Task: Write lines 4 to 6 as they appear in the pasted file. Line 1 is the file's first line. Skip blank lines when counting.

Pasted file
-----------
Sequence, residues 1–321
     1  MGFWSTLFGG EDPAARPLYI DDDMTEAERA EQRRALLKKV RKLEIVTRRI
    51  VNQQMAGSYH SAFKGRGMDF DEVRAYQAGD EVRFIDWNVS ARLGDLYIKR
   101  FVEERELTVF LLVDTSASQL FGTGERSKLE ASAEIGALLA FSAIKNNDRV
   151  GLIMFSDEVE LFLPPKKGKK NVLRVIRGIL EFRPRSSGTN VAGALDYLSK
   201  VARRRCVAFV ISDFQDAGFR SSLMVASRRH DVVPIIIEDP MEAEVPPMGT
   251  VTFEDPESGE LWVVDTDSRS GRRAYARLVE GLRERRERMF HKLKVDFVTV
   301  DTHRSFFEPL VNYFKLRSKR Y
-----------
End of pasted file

   101  FVEERELTVF LLVDTSASQL FGTGERSKLE ASAEIGALLA FSAIKNNDRV
   151  GLIMFSDEVE LFLPPKKGKK NVLRVIRGIL EFRPRSSGTN VAGALDYLSK
   201  VARRRCVAFV ISDFQDAGFR SSLMVASRRH DVVPIIIEDP MEAEVPPMGT